In The Silence of the Lambs, the powerhouse horror-thriller that swept the 1992 Oscars, the iconic screen incarnation of Clarice Starling was born. The seminal film also brought to life Ardelia Mapp, her FBI classmate and bestie.

Fast forward 30 years, and Ardelia is in the throes of a resurrection—thanks to the new CBS series, Clarice, which is set in the '90s aftermath of the storied Buffalo Bill/Hannibal Lecter serial killer case depicted in the movie—and actress Devyn Tyler is fully embracing the moment.

While the big-screen Ardelia—played by actress-turned-director Kasi Lemmons—mostly kept to the background and stood in the reflected light of star Jodie Foster’s Clarice, Ardelia 2.0 wants her own light to shine.

As a Black character, Ardelia has to reckon with both overt and covert workplace battles as she sees her job advancement in a holding pattern while Clarice, who is white—played by the actress Rebecca Breeds in the TV series—seems to be on the career fast track. “Ardelia is really smart,” says 30-year-old Tyler, who’s been acting since childhood. “In the [Thomas Harris book], there’s an instance where Clarice isn’t necessarily feeling too hot, and in order to lighten the mood you have Ardelia comparing slant rhymes in poetry between Emily Dickinson and Stevie Wonder. She’s so fun and whip smart—and very, very driven. So we see that the [show’s] writers’ room has grown her into this really wonderful force.”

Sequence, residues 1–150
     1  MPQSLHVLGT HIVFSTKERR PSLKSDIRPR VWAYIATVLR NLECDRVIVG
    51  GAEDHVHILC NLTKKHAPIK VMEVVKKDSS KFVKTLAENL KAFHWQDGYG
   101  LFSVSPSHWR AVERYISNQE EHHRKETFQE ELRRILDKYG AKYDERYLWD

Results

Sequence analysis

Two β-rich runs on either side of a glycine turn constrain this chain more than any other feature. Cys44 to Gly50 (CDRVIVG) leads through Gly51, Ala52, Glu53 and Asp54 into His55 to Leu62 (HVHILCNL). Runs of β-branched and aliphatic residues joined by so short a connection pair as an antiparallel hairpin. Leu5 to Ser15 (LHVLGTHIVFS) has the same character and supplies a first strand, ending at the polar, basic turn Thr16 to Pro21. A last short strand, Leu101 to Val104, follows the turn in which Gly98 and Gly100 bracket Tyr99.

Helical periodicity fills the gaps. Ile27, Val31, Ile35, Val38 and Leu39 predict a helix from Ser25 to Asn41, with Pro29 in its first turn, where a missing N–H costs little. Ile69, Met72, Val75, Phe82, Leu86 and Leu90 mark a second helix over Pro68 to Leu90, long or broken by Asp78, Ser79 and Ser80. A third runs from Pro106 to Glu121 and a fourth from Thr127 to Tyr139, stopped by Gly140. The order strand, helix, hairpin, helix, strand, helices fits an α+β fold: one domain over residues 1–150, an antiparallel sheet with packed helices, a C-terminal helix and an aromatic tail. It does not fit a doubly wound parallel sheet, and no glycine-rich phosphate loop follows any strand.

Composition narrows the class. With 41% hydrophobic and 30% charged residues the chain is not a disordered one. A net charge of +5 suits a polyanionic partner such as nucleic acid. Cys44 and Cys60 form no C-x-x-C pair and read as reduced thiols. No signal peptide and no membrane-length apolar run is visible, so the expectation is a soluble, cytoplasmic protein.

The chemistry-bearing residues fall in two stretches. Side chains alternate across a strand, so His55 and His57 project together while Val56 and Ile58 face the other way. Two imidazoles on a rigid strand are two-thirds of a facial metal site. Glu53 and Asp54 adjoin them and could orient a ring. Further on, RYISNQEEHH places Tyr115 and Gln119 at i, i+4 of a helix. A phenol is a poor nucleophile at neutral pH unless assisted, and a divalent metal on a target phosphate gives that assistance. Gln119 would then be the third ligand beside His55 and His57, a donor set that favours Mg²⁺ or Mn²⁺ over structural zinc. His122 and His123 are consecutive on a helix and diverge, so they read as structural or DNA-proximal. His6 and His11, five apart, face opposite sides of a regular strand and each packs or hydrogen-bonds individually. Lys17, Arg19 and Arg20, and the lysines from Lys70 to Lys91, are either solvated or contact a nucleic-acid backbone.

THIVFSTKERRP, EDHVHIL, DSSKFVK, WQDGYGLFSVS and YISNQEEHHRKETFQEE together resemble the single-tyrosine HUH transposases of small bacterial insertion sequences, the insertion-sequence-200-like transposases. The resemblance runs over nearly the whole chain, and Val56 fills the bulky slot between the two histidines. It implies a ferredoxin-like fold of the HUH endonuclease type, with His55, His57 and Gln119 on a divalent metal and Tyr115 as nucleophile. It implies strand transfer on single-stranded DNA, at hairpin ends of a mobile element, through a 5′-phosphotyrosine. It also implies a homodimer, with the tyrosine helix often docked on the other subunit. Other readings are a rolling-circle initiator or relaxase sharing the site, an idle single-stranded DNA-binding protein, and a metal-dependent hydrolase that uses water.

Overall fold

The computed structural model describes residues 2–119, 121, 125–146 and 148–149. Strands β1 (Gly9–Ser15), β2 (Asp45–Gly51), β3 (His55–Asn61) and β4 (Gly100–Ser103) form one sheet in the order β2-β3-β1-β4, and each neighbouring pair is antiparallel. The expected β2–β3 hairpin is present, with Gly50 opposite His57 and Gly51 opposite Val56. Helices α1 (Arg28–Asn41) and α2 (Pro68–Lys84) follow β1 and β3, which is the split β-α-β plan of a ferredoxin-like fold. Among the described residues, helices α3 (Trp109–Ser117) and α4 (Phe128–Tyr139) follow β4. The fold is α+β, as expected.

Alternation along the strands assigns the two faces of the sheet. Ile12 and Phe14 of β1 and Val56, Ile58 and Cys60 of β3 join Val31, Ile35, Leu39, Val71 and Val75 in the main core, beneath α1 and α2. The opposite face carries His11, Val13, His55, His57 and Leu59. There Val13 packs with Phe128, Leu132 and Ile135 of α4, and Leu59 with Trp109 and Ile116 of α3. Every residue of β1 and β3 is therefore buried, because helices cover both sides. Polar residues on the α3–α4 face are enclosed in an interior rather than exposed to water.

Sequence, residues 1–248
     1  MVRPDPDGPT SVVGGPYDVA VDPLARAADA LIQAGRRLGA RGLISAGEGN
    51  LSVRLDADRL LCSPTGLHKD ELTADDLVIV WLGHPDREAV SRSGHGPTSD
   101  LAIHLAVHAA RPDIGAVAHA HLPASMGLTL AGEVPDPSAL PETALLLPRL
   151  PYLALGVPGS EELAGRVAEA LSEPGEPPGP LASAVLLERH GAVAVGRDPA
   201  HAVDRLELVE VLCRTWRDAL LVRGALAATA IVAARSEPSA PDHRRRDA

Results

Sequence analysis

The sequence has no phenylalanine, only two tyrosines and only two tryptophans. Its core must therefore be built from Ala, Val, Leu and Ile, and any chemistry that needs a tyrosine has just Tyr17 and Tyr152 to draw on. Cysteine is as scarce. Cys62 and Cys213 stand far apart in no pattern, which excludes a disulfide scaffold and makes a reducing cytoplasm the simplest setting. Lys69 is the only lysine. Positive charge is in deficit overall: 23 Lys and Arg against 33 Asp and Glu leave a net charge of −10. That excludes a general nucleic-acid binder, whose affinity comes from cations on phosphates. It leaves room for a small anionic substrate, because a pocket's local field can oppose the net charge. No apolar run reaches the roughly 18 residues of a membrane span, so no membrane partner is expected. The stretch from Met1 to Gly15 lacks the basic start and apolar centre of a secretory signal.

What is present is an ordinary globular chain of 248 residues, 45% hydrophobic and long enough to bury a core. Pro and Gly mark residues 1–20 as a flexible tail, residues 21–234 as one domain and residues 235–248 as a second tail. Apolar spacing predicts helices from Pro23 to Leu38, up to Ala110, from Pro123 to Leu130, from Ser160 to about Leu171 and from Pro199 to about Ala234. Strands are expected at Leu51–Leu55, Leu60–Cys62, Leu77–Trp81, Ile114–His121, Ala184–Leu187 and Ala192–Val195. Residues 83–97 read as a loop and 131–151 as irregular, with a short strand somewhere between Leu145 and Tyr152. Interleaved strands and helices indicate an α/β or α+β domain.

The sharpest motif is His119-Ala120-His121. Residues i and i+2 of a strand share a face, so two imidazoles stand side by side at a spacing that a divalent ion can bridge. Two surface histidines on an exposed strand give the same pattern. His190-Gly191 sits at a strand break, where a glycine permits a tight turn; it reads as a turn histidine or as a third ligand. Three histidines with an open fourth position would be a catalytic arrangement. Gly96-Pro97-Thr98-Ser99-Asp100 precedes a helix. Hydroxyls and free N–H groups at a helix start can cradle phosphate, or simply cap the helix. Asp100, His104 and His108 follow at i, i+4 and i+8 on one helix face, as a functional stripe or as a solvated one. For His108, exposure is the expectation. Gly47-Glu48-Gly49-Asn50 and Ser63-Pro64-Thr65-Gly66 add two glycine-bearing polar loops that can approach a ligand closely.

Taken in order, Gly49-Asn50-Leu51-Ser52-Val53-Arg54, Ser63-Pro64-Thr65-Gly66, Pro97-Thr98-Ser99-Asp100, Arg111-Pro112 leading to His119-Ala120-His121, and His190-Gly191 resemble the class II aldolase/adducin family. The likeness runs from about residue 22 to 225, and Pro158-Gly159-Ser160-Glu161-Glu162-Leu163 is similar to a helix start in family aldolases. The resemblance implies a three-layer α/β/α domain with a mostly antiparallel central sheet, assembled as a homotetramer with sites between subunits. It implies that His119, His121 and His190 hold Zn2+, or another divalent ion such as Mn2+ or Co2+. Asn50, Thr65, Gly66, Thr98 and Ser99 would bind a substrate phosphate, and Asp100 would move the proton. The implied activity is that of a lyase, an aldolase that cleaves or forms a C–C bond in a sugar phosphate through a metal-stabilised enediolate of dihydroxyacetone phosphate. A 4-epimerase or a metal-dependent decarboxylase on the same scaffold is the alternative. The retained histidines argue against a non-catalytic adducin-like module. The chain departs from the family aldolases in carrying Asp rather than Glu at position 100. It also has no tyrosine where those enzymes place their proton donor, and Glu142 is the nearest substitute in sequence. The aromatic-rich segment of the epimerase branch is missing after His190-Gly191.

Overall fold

Tyler, a New Orleans native, grew up on and around sets with her actress mom, Deneen Tyler, and had parts in several commercials when she was very young. After Hurricane Katrina devastated her birth city in 2005, she and her mom relocated to Houston, where Tyler attended the High School for the Performing and Visual Arts. She says she was lucky to be exposed to the profession as both she and her mother wound up “swirling around” in it, but there was no revelatory instance of clarity. “I can’t say necessarily that I said, ‘Oh, yeah, this is it,’ that I knew that I wanted to be this—I studied something totally different at college to be honest with you,” she laughs.

“I wanted to be a tenured professor at a higher research institution, so I’ve had a lot of iterations in life, I suppose,” explains the Columbia University grad of her Bachelor’s degree in French and Francophone Studies. However, the South and her craft beckoned her back, and she took on numerous roles in productions, such as The Purge, Watchmen and Underground, that were filmed in the region

“It’s interesting building a career and being from the South—I work a lot in New Orleans and places like Georgia and Texas,” says the Nawlins belle. “And because of that you have a lot of historical period pieces that come down to the South and in a lot of instances I’ve had to play roles that are slightly difficult—having to do with slavery, dealing with childbirth, dealing with loss. I’d say in general, I’ve gotten to play roles with a lot of emotional depth, which I’m grateful for,” she adds.

As Ardelia, the actress gets to plumb some emotional depths as well. Though the dedicated FBI agent wants to do good work and have it speak for itself, she finds herself put in a position where she has to advocate on behalf of other agents in order to fight systemic discrimination within the bureau. But by doing so, she may just be putting her friendship with Clarice on the line.

Tyler says that from the start, executive producer Jenny Lumet’s team discussed telling real stories with a focus on their humanity. "We get this wonderful experience of seeing Clarice rise and seeing Clarice go through things, and we’re also seeing Ardelia, who is trained in the same way. We see her in the same space—and we see the differences in the opportunities that she gets and the things she has to deal with,” says Tyler. “We get this really well-rounded story from a nuanced perspective about women in the workplace, about trauma and about friendship.”

Clarice airs Thursdays at 9 p.m. (EST) on CBS.